When hiring a Restaurant Manager, look for a candidate who is highly organized, confident, and a natural leader. Their role is to ensure that all of your daily restaurant activities are running smoothly and efficiently. They are also responsible for ensuring that a qualified team of staff members are selected and that policies and safety regulations are always followed. Multitasking, problem solving, and excellent communication skills are all essential to success in this position.
Use your Restaurant Manager interview to help you gauge your candidate’s depth and breadth of general restaurant experience. It is vitally important they can handle small tasks at the front of the house, as well as larger issues behind the scenes. You’ll also want to be able to assess their interpersonal skills and get a read on how they would manage spontaneous problems that are likely to be encountered at your establishment.
General interview questions (such as “Can you tell me about yourself?” and “Why are you looking for another job?”) are a great way to get to know your candidate’s personal history, interests and goals. However, be sure to add inquiries specific to the role they’re interviewing for, so you can gain valuable insights into their likelihood of success in that position.
Below are Restaurant Manager interview questions to help you get started:
1. What makes you a strong candidate for this position?
What you want to hear: This question allows your candidate to put their knowledge of the role on display. Look for someone who fully understands the scope of responsibilities and the skill set required to be successful. A strong candidate will then be able to explain why their qualifications are an ideal match. For example, the candidate should discuss driving up sales, managing and retaining employees, running the kitchen, and the like.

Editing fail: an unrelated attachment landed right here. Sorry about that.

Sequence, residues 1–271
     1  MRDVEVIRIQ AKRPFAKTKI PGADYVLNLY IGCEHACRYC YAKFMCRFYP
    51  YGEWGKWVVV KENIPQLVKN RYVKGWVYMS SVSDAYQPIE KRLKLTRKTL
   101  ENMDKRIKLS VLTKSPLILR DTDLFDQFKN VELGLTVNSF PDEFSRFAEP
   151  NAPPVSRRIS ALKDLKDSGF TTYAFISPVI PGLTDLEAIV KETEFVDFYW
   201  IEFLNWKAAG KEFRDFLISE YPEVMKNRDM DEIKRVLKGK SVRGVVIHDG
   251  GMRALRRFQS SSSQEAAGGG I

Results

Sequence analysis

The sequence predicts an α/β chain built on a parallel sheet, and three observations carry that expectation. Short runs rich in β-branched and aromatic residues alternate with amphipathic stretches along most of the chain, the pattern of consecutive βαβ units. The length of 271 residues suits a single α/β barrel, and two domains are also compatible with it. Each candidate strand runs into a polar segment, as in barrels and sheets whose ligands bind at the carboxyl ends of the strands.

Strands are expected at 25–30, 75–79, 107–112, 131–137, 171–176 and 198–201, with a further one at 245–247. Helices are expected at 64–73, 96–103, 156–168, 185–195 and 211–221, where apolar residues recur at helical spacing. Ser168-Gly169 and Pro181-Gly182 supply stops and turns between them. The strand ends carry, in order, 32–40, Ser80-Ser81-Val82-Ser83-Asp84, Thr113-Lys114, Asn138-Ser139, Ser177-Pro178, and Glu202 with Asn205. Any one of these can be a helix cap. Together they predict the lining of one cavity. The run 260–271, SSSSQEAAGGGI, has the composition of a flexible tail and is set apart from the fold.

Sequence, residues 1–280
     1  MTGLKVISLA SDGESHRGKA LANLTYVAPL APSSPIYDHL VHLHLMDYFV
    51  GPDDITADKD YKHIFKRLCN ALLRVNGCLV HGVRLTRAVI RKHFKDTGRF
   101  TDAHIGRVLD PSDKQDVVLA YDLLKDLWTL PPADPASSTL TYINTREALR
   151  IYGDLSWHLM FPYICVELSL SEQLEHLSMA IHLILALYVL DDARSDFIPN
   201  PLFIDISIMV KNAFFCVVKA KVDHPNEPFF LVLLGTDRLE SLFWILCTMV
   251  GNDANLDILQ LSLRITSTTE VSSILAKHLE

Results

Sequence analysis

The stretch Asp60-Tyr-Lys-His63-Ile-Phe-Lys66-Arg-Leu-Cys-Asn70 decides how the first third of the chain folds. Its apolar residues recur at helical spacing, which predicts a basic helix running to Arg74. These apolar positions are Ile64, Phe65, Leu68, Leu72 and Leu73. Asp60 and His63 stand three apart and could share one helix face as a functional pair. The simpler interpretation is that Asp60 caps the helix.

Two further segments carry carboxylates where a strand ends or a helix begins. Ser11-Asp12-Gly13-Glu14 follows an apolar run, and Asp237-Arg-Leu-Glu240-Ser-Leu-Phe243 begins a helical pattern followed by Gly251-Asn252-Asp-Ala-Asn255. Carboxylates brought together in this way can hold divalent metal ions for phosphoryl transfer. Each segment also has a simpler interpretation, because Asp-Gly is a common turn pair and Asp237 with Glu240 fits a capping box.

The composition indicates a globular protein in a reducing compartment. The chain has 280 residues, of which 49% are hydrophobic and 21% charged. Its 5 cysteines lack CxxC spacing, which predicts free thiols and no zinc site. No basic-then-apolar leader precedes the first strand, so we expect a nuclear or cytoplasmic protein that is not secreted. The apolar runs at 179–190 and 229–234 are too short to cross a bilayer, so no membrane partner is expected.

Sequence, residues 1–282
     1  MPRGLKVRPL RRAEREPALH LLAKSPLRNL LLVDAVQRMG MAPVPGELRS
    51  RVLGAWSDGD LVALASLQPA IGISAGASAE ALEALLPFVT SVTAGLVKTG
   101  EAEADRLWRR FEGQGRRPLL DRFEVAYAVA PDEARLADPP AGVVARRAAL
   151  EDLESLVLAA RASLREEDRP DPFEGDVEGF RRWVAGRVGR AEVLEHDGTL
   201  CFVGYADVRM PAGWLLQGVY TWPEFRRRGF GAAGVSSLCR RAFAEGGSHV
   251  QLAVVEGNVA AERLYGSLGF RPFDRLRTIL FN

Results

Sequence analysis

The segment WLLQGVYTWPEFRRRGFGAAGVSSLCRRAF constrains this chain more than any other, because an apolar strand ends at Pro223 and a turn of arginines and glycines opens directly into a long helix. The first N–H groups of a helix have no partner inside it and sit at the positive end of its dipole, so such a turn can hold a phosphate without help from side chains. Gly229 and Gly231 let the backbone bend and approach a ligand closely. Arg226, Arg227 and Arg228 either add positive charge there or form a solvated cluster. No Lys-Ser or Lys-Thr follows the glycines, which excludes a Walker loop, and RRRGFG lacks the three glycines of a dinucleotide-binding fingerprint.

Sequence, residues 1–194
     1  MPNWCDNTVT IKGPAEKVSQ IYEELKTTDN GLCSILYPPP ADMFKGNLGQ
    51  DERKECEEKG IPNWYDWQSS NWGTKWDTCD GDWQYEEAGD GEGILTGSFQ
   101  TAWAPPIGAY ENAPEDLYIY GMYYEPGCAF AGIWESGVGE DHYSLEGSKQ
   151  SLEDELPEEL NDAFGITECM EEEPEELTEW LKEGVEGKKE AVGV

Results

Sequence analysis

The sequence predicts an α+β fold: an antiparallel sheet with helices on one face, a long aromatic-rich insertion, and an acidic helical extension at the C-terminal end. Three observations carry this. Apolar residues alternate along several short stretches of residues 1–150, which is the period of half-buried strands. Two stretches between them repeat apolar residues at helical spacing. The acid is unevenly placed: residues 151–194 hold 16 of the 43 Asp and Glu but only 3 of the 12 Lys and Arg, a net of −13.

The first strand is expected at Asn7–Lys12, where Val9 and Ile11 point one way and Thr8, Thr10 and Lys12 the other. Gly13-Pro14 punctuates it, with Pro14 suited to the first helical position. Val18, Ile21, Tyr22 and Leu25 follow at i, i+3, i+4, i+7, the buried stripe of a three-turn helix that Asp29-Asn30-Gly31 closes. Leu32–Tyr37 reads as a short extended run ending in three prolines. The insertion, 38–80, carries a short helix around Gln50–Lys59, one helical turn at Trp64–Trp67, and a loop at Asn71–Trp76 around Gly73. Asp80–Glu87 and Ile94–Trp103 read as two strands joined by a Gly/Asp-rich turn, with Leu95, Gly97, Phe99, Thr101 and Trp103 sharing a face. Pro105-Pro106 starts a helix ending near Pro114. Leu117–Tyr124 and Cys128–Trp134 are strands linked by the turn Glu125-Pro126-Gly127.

Red flag: A candidate who mentions skills or duties that aren’t on target with the job description is waving a red flag. An experienced Restaurant Manager will have a thorough and accurate understanding of the role and how they perform in it.
2. How would you describe your management style?
What you want to hear: Every Restaurant Manager has a unique way of managing staff. An excellent candidate will bring a style that aligns with the branding and culture of your establishment.
Red flag: A mismatched management style can lead to problems very quickly. A Restaurant Manager whose style is aggressive, rigid, or laid back when your operation is built on a different culture can frustrate team members and drive down morale and productivity.
3. How have you managed an employee who is underperforming?
What you want to hear: A great candidate will share the details of a situation and a positive outcome. For example, they might tell a story about how they identified an underperforming employee, initiated a constructive dialogue, and asked questions to try and get to the root cause of the performance issue – all while actively and empathetically listening. From there, the candidate may go on to explain that they determined the employee had the skills and motivation to try again, and offered ways they could help the employee with resources needed to boost performance.
Red flag: A large part of improving employee performance comes from the relationship between the manager and staff member. A manager who doesn’t have the right interpersonal skills or fails to actively engage with the employee may heighten the tension level and continue to drive down individual and team performance.
4. Describe a time you positively impacted a restaurant’s profitability.